The fairness standard requires broadcasters to deal justly and fairly with any person or organisation taking part or referred to in a programme. Ms Whaanga-Kipa complained that the broadcaster did not treat Mr B fairly because it incorrectly linked him with the Manawatu chapter of the Mongrel Mob. In the Authority’s view, the unpixilated footage of Mongrel Mob gang members, combined with the presenter’s statement that Mr B was previously involved with the gang, could have led some viewers to link Mr B to the gang’s Manawatu chapter.
 As to whether the broadcaster treated Mr B fairly, the Authority notes that the complainant has not provided any evidence of specific conditions on Mr B’s involvement in the broadcast, which included not mentioning his gang involvement, or any specific chapter of the Mongrel Mob. Further, the Authority considers that the footage chosen for the item impacted negatively upon Mr B in a way that the broadcaster could not reasonably have foreseen. Finally, the broadcaster acted promptly to pixilate the footage for the second broadcast of the item. In these circumstances, the Authority finds that Mr B was not treated unfairly and it declines to uphold this part of the fairness complaint.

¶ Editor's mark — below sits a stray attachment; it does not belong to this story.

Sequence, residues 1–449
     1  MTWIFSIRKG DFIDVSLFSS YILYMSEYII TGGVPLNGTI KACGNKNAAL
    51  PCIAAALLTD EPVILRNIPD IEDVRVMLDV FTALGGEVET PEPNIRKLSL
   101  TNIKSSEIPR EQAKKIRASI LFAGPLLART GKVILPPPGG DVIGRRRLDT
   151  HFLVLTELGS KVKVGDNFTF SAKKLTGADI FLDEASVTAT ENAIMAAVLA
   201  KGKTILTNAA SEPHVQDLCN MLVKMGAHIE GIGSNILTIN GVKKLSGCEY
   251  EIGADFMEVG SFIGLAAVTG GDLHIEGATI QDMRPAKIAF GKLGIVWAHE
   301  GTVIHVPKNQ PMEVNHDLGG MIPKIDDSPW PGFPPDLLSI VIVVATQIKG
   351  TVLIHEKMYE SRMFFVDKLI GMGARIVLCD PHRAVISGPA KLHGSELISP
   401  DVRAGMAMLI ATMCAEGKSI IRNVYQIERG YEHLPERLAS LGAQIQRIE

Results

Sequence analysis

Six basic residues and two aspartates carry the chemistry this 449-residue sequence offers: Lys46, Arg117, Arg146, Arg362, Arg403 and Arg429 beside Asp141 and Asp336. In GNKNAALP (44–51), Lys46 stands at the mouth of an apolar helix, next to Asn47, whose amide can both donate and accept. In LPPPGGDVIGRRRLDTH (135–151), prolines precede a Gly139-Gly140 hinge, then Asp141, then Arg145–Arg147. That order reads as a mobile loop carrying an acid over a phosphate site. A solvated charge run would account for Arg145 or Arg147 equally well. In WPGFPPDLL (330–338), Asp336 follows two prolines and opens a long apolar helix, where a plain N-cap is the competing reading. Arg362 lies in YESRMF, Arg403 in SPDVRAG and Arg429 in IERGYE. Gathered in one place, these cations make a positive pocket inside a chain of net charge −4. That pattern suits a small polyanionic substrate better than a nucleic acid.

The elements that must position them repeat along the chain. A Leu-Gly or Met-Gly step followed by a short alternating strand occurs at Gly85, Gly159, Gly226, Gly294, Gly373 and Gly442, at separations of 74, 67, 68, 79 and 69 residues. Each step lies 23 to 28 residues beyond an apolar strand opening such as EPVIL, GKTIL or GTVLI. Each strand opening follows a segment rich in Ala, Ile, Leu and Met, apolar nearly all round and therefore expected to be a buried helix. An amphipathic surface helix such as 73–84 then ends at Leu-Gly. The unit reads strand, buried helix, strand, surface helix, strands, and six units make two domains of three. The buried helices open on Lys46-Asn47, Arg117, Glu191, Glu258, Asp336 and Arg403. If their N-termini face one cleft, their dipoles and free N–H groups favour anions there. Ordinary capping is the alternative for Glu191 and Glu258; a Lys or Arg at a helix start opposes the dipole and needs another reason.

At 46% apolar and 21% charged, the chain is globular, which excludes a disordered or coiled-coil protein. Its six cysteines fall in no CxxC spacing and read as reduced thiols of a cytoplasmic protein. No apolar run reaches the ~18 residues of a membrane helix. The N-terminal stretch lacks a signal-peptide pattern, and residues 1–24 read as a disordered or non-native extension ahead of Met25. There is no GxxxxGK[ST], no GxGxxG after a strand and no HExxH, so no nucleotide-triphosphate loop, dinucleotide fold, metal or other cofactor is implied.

With respect to Ms Whaanga-Kipa’s complaint that the item portrayed Highbury as a gang community, the Authority points out that the fairness standard only applies to people or organisations. It does not apply to communities. Accordingly, the Authority finds that Standard 6 has no application on this occasion and it declines to uphold this complaint.
For the above reasons the Authority declines to uphold the complaint under section 11(a) of the Broadcasting Act 1989.
Signed for and on behalf of the Authority
24 January 2008
The following correspondence was received and considered by the Authority when it determined this complaint:
1. Ms Kim Whaanga-Kipa’s formal complaint – 11 September 2007
2. Māori TV’s decision on the formal complaint – 28 September 2007
3. Ms Whaanga-Kipa’s referral to the Authority – 23 October 2007
4. Māori TV’s response to the Authority – 31 October 2007